A Walking Gallows

1820 gallows stocks other punishments

This ghoulish story takes place during the Éirí Amach of 1798, the Irish rebellion against English rule. Inspired by the French and American Revolutions, a group called The United Irishmen rose against the English, but the Irish were defeated after three months of brutal warfare and atrocities on both sides. Lieutenant Edward L. Hepenstall of the County Wicklow Militia fought against the Irish insurgents in 1798 and, according to legend, earned for himself the nickname “The Walking Gallows” or (by some accounts) “Hanging Gallows.” This article is from 1908, but conveniently reiterates and quotes details from English papers of 1800 and Sir Jonah Barrington’s memoirs of 1827 in which he relates his experiences during the rebellion when he was a soldier and barrister.

The Horrible Deeds of Lieutenant Hepenstall.
This Handsome but Brutal Giant of the Wicklow Militia Was the Most Cold Blooded and Eccentric Executioner That has Ever Existed.

Among the examples and records of British tyranny during the terrible year 1798 there is none more extraordinary, according to a writer in an English magazine, than that of Lieutenant Edward Hepenstall, known by the nickname of “the walking gallows,” for such he certainly was, literally and practically.

This notorious individual, who had been brought up as an apothecary in Dublin, obtained a commission in the Wicklow militia, in which he attained to the rank of lieutenant in 1795. He was a man of splendid physique, about six feet two inches in height and strong and broad in proportion. Referring to this handsome but brutal giant, Sir Jonah Barrington in his memoirs states:
“I knew him well and from his countenance should never have suspected him of cruelty, but so cold blooded and eccentric an execution of the human race never yet existed.”

At the outbreak of the sanguinary rebellion, when the common law was suspended and the stern martial variety flourished in its stead, Lieutenant Hepenstall hit upon the expedient of hanging on his own back persons whose physiognomies he considered characteristic of seditious tenets. At the present day the story seems almost incredible, but it is a notorious fact, revealed by the journalism of the period, that when rebels, either suspected or caught red handed, were brought before him Hepenstall would order the cord of a drum to be taken off and then, rigging up a running noose, would proceed to hang each in turn across his athletic shoulders until the victims had been slowly strangled to death, after which he would throw down his load and take up another.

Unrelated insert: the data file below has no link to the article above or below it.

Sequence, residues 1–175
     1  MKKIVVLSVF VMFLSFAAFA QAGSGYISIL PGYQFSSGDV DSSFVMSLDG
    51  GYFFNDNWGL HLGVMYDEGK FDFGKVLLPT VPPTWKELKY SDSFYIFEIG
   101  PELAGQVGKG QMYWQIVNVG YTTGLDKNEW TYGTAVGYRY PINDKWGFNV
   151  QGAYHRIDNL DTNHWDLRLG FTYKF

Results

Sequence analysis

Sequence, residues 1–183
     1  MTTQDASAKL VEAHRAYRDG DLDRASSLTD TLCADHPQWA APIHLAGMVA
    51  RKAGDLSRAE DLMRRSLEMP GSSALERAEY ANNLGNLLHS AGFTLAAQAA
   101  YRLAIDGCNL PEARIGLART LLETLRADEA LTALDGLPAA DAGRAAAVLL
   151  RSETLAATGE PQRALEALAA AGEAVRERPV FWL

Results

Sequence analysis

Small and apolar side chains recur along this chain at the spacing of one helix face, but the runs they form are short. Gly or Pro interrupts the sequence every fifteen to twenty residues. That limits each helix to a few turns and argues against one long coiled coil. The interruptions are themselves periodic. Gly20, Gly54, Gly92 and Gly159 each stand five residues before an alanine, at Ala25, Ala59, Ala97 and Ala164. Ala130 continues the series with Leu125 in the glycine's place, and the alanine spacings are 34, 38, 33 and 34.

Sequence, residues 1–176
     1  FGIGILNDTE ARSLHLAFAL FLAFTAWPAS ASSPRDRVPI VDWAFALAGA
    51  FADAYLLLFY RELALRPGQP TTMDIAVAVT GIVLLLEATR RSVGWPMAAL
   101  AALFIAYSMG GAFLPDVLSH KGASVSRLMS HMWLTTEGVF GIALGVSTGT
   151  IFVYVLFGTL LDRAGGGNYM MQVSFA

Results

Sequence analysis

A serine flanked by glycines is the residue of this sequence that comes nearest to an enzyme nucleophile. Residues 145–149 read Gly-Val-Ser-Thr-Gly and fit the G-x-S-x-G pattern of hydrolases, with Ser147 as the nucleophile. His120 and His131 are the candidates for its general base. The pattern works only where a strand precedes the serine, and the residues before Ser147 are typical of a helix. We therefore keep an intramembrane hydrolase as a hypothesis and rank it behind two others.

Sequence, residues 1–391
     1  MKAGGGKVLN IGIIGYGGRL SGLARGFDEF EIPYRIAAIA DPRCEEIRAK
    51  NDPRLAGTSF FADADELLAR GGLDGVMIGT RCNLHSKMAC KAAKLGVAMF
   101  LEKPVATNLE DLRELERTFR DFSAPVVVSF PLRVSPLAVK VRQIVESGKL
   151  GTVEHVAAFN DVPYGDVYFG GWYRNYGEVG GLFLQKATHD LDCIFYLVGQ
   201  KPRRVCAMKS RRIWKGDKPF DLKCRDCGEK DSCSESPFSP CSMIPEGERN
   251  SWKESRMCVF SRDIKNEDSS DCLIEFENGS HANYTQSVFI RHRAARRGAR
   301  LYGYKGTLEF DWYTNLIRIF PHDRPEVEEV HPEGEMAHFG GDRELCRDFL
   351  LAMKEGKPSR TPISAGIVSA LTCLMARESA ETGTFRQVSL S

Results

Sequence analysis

The “walking gallows” was clearly both a new and simple plan and a mode of execution not nearly so tedious or painful as a Tyburn or Old Bailey hanging. It answered his majesty’s service as well as two posts and a crowbar. When a rope was not at hand Hepenstall’s own silk cravat, being softer than an ordinary halter, became a merciful substitute.

In pursuance of these benevolent intentions the lieutenant would frequently administer an anaesthetic to his trembling victim—in other words, he would first knock him silly with a blow. His garters then did the duty as handcuffs, and the cravat would be slipped over the condemned man’s neck.

Whenever he had an unusually powerful victim to do with, Hepenstall took a pride in showing his own strength. With a dexterous lunge of his body the lieutenant used to draw up the poor devil’s head as high as his own and then, when both were cheek by jowl, begin to trot about with his burden like a jolting cart house until the rebel had no further solicitude about sublunary affairs. It was after one of these trotting executions, which had taken place in the barrack yard adjoining Stephen’s green, that Hepenstall acquired the surname of “the walking gallows.” He was invested with it by the gallery of Crow Street theater, Dublin.

At the trial of a rebel in that city the lieutenant, undergoing cross examination, admitted the aforementioned details of his method of hanging, and Lord Norbury, the presiding judge, warmly complimented him on his loyalty and assured him that he had been guilty of no act which was not natural to a zealous, loyal and efficient officer.

Lieutenant Hepenstall, however, did not long survive his hideous practice. He died in 1804 [other sources say 1799; still others 1800]. Owing to the odium in which he was universally held, the authorities arranged that his funeral should take place secretly, while a Dublin wit suggested that his tombstone would be suitably inscribed by the following epitaph:
Here lie the bones of Hepenstall.
Judge, jury, gallows, rope and all.
Van Wert [OH] Daily Bulletin 29 August 1908: p. 1

When he died, it was said that his friends concealed his death until after he was buried and his coffin was accompanied to St. Andrew’s Churchyard only by his brother and four hired pallbearers.

There are legends that Hepenstall died of a loathesome disease: morbus pedicularis, eaten by vermin, like King Herod, and that he was carried off at death by his familiar, a black cow.

Fact, propaganda, folklore? chriswoodyard8 AT gmail.com

Chris Woodyard is the author of The Victorian Book of the Dead, The Ghost Wore Black, The Headless Horror, The Face in the Window, and the 7-volume Haunted Ohio series. She is also the chronicler of the adventures of that amiable murderess Mrs Daffodil in A Spot of Bother: Four Macabre Tales. The books are available in paperback and for Kindle. Indexes and fact sheets for all of these books may be found by searching hauntedohiobooks.com. Join her on FB at Haunted Ohio by Chris Woodyard or The Victorian Book of the Dead.


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